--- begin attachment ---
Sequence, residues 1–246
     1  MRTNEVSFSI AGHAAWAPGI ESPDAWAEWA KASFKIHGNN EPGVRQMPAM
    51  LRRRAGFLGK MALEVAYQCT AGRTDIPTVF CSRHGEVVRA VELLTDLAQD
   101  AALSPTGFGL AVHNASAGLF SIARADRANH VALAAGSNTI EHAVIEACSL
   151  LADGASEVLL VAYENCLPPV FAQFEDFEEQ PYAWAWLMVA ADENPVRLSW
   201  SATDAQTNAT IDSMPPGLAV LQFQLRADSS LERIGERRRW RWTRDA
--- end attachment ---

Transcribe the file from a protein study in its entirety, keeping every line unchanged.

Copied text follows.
Sequence, residues 1–246
     1  MRTNEVSFSI AGHAAWAPGI ESPDAWAEWA KASFKIHGNN EPGVRQMPAM
    51  LRRRAGFLGK MALEVAYQCT AGRTDIPTVF CSRHGEVVRA VELLTDLAQD
   101  AALSPTGFGL AVHNASAGLF SIARADRANH VALAAGSNTI EHAVIEACSL
   151  LADGASEVLL VAYENCLPPV FAQFEDFEEQ PYAWAWLMVA ADENPVRLSW
   201  SATDAQTNAT IDSMPPGLAV LQFQLRADSS LERIGERRRW RWTRDA